partly, in the case of the latter, on account of the trouble made by Frederick the Great about the passage of troops through his dominions. Proposals of several other small German princes came to nothing.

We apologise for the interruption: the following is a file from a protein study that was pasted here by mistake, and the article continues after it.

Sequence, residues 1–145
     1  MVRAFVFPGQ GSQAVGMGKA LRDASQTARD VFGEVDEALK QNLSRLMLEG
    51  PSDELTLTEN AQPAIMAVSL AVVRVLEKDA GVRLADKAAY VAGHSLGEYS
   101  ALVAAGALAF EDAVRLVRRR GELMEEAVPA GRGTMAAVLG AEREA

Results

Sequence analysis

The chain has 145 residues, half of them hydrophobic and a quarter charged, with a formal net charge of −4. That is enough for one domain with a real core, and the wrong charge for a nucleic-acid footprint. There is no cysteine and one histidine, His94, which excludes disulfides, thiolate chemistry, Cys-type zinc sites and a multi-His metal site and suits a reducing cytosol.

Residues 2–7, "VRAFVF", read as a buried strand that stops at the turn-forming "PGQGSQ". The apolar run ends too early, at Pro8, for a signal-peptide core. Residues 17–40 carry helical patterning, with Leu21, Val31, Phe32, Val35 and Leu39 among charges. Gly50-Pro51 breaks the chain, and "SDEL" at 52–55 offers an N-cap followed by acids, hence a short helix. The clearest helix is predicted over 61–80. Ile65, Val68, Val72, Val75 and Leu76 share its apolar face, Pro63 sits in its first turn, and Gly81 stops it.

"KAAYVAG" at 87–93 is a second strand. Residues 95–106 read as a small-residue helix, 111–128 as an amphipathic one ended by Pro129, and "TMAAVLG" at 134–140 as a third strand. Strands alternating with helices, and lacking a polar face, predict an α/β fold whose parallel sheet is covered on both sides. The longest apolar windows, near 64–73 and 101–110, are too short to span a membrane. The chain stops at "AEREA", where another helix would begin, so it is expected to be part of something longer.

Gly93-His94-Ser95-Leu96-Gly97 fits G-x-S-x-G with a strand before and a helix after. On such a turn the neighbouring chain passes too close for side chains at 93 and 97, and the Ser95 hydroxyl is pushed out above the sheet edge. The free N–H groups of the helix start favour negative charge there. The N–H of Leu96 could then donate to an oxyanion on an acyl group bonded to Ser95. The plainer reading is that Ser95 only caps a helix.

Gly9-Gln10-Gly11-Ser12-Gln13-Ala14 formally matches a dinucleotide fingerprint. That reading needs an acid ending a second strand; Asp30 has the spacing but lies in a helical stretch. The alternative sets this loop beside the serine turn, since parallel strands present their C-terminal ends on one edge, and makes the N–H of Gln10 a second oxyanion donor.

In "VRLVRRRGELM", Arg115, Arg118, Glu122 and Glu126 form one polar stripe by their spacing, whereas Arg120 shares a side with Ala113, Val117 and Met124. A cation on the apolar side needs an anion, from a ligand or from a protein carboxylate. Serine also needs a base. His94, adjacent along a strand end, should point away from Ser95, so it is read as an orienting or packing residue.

The treaty first concluded was that with the Duke of Brunswick. It is dated January 9, 1776. The Duke yields to his Britannic Majesty a corps of three thousand nine hundred and sixty-four infantry men, and three hundred and thirty-six unmounted dragoons. This corps is to be completely equipped at the expense of the Duke, except as to horses for the light cavalry. They are to march from Brunswick in two divisions in February and March, and the King is to take measures to prevent desertion while they pass through his electoral dominions of Hanover on their way to the sea. The King is to pay and feed them on the same scale as his own soldiers, and the Duke engages “to let his corps enjoy all the emoluments of pay that his Britannic Majesty allows them,” that is to say, not to pay them on a lower scale and pocket the difference. The British government, however, did not trust him. From the time of the arrival of the troops in America their pay was sent direct to them there, and did not pass through his Most Serene Ducal Highness's hands. This precaution was adopted with all the German auxiliaries but those of Hesse-Cassel, whose landgrave succeeded in getting the handling of the money. The Brunswick soldiers were to be cared for in the British hospitals, and the wounded not in condition to serve were to be transported into Europe at the expense of the King, and landed in a port on the Elbe or the Weser. The Duke agreed to furnish the